Lens flares are all to do with the light source and the characteristics of the lens. If the sun, or a bright light, is directed down the axis of the camera lens then you’ll start to get lens flares.
This can be avoided by having a Matte Box on the camera (which has Bellows that can be extended to shade the lens). Alternatively you can hijack some well meaning person who is handy with a flag (no I don’t mean the type flying over Buckingham Palace when the Queen is in residence… God Bless her!). No,a flag in our business means something that can shade or block out light.
All this leads me nicely to Rule No. 2…
IF YOU HAVE TO (or want to) SHOOT INTO THE SUN, USE A FLAG TO GET RID OF UNWANTED FLARES BY SHADING THE LIGHT OFF THE LENS.
There are two types of flag, the first is a ‘lighting flag‘: a large black panel that can be made from black material, plywood or even polystyrene sheets sprayed with black paint.
The other type is either a Matte Box (mentioned above) or a neat little gizmo called a ‘French Flag‘ which is basically a small sheet of black aluminum secured to a flexible arm. You can attach this onto the camera body and positioning it to shade the lens from the sun or your lights.
Incidentally the average cost of a French Flag is about £45 ($70) if you don’t have that sort of money to wave around (sorry no pun intended!), then buy a flexible arm on ebay, like this one here.
“But Chris, I really want to/need to shoot into the light!”
Ok ok, no big deal! If it’s a sunny day and you are filming an interview with someone and you want to shoot into the light for whatever reason (maybe the background is of key importance and relevant to the interview) then you should always use a ‘Reflector’.
—————————————————————————————————————————–RULE RULE NO.3/ USE A REFLECTOR.
A ‘Reflector‘ is basically a white material of any kind, that reflects the light from the sun (or film lights/practicals) back onto the person you are interviewing (in fact it can be used to bounce light anywhere you might want/need it… rather handy!).
Reflectors can be the ‘fold up collapsible variety‘ like Lastolites – Lastolites are sort of spring loaded reflectors that fold away for storage. (Warning!Once unleashed into the world from the confines of their carrying bag they can sometimes simply refuse to be folded back again! It’s a bit of an art to fold them back up and it never looks good wrestling with a big white frisbee in front of your crew… it’s probably easier to find a camera assistant with at least 3 arms, even then I reckon they’d struggle with it!)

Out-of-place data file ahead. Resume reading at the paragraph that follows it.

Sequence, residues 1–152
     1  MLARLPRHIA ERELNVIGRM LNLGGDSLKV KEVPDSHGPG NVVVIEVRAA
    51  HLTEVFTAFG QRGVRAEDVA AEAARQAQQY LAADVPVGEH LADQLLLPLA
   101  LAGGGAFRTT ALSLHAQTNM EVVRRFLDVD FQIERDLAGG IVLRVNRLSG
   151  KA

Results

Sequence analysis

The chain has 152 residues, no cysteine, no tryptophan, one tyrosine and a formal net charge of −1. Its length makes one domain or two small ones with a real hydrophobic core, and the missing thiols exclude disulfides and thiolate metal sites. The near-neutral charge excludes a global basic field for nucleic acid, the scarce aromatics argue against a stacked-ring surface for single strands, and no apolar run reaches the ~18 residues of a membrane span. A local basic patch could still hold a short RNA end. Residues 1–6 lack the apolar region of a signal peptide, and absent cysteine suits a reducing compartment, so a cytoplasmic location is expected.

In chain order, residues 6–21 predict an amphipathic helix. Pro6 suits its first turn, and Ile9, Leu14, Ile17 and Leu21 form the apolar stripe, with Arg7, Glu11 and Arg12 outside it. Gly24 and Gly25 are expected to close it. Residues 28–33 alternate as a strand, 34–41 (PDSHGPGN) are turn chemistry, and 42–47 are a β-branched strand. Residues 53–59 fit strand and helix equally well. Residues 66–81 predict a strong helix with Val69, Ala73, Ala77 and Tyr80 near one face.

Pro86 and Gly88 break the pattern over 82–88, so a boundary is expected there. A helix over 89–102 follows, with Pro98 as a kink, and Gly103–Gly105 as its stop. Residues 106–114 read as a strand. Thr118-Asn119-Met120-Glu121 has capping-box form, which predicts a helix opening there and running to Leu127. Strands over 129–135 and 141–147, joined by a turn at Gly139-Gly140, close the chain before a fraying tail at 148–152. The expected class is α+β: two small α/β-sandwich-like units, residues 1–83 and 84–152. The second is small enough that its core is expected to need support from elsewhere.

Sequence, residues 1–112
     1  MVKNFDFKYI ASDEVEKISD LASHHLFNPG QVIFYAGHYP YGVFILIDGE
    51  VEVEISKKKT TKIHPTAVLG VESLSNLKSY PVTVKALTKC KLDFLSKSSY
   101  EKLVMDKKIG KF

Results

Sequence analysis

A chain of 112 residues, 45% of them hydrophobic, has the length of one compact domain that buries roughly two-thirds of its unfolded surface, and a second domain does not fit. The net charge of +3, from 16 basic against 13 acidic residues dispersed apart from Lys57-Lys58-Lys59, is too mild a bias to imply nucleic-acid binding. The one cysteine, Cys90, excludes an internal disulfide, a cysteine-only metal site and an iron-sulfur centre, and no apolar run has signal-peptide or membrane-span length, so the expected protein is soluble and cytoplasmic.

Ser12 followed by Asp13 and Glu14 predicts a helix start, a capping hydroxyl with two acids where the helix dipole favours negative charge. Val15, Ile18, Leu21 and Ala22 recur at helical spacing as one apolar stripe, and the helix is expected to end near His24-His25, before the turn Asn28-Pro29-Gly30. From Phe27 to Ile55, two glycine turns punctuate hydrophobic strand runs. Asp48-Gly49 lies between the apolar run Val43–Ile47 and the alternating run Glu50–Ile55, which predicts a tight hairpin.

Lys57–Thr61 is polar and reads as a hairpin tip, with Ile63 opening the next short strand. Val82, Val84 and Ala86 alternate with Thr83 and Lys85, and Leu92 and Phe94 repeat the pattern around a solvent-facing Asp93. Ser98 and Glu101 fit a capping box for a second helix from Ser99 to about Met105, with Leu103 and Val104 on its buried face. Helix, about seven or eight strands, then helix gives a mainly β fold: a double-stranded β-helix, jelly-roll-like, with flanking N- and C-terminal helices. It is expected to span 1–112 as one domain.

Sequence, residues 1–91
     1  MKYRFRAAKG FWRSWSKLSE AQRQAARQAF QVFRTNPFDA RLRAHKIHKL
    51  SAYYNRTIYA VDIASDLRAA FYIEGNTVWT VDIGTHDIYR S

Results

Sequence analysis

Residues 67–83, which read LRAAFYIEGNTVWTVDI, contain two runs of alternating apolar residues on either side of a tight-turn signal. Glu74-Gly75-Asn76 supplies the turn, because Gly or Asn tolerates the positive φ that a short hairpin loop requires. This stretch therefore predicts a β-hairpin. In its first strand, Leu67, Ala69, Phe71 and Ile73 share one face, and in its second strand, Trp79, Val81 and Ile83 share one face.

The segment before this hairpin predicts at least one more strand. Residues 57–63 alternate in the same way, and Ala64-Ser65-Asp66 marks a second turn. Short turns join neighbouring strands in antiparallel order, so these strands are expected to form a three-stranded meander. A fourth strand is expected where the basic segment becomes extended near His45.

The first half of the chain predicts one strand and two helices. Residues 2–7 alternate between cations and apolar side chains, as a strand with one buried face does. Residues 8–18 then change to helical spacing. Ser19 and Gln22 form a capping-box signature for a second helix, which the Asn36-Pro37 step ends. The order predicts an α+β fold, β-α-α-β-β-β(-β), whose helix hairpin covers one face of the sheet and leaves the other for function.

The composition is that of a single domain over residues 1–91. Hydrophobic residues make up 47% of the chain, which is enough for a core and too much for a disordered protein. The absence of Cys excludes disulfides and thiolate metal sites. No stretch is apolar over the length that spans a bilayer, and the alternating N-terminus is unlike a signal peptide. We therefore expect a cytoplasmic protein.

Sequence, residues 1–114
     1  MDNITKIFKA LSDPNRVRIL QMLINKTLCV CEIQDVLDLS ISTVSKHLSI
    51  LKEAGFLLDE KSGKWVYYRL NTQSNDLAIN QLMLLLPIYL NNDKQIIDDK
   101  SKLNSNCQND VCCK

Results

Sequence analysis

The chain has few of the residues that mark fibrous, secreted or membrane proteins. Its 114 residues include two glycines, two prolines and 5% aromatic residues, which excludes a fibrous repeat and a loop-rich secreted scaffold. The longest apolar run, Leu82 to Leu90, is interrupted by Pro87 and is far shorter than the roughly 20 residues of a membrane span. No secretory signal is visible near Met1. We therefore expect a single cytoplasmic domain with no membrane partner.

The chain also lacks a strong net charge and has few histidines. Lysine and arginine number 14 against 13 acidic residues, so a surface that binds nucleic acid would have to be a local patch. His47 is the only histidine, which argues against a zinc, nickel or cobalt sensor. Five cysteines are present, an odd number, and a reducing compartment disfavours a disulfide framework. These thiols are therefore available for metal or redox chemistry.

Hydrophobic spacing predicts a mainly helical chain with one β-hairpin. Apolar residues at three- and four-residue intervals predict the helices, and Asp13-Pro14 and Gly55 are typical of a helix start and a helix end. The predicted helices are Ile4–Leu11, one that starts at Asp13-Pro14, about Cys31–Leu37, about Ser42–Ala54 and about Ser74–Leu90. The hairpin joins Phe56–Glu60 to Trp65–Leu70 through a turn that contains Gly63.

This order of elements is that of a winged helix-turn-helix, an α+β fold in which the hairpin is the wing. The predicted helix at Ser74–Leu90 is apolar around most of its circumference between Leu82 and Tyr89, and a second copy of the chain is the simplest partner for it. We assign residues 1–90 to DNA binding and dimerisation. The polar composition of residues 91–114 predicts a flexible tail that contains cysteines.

Or if you’d rather avoid the traumatising experience altogether, large sheets of white polystyrene also make great reflectors but are obviously far more difficult to store in a crew car. Trust me, I’ve tried… I’m still picking bits of broken polystyrene from behind my steering wheel.
If you’re looking for something creative perhaps you might want to consider…
The Silhouette Shot
A ‘Silhouette Shot’ is where the main object in shot (person, tree etc.), is black against a correctly exposed background, like the sky for example.
This shot is very simple to achieve by exposing for the sky and under exposing for the subject in shot. The best time for moody exterior silhouette shots is either dawn or dusk but you can actually shoot them any time of the day. They really create a certain atmospheric feel and can influence the perspective and expectation of an audience. But more on creative lighting in another blog!.. Onwards!
So there are my 3 Rules for shooting with available light outside:
If you’re filming in hard sunlight, whenever possible, keep the sun behind you.
If you have to shoot into the Sun (or want to for creative effect), use a flag to lose unwanted lens flares.
Use a Reflector to bounce light onto your subject.
And finally… a nice creative tip:
For a silhouette shot, expose for the sky and under-expose for the subject.
Right there you have it, pretty simple but VERY affective! But wait… “What if you’re filming indoors?!”, I hear you cry… Well for that you’ll have to check part 2 here.
Free Spirit Film & TV
Film, TV & Online Video Production.